LGBT Community Hurt in Public-Access TV Cutbacks
By Yasmin Nair, Windy City Times
When AT&T unveiled its U-Verse television programming service, the company waxed about the new technology that allows subscribers to access 320 channels. Recently, however, the company has come under fire for limiting access to public-access programming. The Illinois chapter of the National Association of Telecommunications Officers (NATOA ) and CAN TV (Community Access Television ) have joined a nationwide coalition to file a petition with the Federal Communications Commission ( FCC). On its Web site, NATOA says that customers of "AT&T ... can't switch between commercial and PEG channels, set a DVR to record a PEG program, or depend on getting timely local emergency alerts. AT&T's system deprives PEG channels of basic capabilities such as closed captioning."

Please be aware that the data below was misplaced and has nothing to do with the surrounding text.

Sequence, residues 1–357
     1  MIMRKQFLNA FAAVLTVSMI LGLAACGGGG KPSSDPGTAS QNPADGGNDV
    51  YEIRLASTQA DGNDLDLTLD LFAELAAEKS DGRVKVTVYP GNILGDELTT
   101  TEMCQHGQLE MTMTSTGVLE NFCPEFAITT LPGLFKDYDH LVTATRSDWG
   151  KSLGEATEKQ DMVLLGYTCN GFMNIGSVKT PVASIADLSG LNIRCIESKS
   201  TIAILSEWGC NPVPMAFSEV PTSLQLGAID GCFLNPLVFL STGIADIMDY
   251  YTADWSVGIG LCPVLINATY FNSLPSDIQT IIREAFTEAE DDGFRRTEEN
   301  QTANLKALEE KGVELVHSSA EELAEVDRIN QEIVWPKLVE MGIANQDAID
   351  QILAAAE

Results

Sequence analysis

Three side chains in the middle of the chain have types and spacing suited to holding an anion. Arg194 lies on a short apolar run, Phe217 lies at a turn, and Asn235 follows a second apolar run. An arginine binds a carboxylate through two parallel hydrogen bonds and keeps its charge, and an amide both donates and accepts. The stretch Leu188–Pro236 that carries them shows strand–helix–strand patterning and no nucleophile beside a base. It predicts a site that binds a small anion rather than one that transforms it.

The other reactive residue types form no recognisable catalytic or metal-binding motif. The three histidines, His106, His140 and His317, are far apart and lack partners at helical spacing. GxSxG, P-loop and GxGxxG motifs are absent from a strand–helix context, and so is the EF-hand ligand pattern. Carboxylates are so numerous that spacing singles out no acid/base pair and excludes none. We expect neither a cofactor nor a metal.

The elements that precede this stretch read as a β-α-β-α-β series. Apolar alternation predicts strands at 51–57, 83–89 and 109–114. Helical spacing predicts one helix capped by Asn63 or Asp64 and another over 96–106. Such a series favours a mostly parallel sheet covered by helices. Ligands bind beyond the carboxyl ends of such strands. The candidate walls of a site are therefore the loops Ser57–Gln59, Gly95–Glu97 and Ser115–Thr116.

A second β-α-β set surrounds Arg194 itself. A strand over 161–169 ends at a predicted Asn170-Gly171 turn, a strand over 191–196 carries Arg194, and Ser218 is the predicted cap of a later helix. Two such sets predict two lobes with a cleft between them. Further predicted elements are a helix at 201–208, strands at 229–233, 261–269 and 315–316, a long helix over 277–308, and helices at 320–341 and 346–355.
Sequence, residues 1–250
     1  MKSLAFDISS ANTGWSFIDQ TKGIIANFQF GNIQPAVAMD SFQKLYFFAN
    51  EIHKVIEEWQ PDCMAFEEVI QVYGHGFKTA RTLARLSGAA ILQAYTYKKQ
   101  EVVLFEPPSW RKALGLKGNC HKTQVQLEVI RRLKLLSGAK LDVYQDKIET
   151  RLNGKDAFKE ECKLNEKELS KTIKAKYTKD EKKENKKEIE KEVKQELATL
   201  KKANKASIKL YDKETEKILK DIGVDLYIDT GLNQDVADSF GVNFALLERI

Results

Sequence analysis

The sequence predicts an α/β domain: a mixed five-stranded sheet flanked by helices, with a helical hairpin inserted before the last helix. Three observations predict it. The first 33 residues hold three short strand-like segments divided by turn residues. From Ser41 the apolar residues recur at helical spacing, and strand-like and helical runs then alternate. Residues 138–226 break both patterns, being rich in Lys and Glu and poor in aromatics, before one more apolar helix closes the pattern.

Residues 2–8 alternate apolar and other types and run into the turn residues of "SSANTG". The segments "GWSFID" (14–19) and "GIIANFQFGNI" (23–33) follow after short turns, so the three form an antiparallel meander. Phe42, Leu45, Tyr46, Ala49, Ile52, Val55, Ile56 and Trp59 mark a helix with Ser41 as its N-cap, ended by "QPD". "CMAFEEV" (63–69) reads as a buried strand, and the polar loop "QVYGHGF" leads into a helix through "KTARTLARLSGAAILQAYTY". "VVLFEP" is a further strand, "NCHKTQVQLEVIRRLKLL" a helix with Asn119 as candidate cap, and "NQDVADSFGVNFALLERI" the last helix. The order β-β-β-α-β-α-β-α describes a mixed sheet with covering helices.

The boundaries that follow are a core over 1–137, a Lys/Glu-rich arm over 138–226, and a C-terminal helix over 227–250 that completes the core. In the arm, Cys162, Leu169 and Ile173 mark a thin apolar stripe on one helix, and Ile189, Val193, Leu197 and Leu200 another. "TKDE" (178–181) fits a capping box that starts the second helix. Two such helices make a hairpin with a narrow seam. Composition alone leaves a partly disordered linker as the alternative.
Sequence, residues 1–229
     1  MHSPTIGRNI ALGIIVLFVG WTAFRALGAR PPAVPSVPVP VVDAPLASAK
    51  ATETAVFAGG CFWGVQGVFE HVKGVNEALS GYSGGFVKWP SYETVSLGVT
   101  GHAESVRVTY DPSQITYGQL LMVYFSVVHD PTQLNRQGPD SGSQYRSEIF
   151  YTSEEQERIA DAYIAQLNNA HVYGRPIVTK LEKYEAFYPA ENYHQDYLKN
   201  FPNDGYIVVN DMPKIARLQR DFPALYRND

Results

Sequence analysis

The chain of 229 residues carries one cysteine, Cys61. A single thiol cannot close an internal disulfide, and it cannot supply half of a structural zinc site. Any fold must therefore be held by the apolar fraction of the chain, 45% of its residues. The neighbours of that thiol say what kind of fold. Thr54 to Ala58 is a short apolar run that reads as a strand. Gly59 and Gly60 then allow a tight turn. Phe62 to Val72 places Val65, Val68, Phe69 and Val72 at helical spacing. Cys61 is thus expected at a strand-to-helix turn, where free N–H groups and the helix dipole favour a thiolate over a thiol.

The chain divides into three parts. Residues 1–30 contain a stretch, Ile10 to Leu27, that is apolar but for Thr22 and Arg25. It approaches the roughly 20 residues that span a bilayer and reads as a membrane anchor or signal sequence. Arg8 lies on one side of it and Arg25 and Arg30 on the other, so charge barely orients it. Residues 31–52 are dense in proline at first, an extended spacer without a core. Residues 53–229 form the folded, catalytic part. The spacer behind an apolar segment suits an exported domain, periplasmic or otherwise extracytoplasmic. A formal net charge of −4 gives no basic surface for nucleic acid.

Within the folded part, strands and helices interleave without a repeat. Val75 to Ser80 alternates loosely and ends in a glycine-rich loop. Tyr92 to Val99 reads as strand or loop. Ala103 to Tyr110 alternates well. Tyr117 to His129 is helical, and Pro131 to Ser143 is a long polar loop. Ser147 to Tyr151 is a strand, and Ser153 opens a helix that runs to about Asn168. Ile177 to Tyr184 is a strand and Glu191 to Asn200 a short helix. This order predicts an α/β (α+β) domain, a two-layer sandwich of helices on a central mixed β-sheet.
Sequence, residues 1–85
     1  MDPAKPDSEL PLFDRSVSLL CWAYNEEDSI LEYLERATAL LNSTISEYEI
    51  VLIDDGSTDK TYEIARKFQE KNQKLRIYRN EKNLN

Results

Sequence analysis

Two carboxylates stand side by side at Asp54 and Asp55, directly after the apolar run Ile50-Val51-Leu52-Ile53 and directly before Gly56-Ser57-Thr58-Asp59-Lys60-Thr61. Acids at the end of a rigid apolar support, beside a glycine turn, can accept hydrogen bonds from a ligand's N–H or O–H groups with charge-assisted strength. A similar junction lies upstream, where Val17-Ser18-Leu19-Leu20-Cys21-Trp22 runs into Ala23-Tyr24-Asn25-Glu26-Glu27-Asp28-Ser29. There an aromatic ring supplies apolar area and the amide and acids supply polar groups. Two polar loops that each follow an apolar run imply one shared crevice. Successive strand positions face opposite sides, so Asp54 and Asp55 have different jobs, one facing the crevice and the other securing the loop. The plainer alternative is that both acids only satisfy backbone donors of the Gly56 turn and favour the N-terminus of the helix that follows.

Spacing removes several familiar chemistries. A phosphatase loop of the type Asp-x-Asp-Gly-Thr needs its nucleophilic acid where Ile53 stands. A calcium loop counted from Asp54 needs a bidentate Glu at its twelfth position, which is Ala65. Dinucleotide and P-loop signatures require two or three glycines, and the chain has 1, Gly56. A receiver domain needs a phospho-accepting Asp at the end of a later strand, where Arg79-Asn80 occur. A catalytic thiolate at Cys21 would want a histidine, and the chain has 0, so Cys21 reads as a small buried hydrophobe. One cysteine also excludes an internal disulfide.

The limited access affects all members of the Chicago viewing area, but it has significant ramifications for the LGBT community. Critics contend that not being able to easily access PEG programming leaves the LGBT AT&T consumer without vital public-health information and creative programming.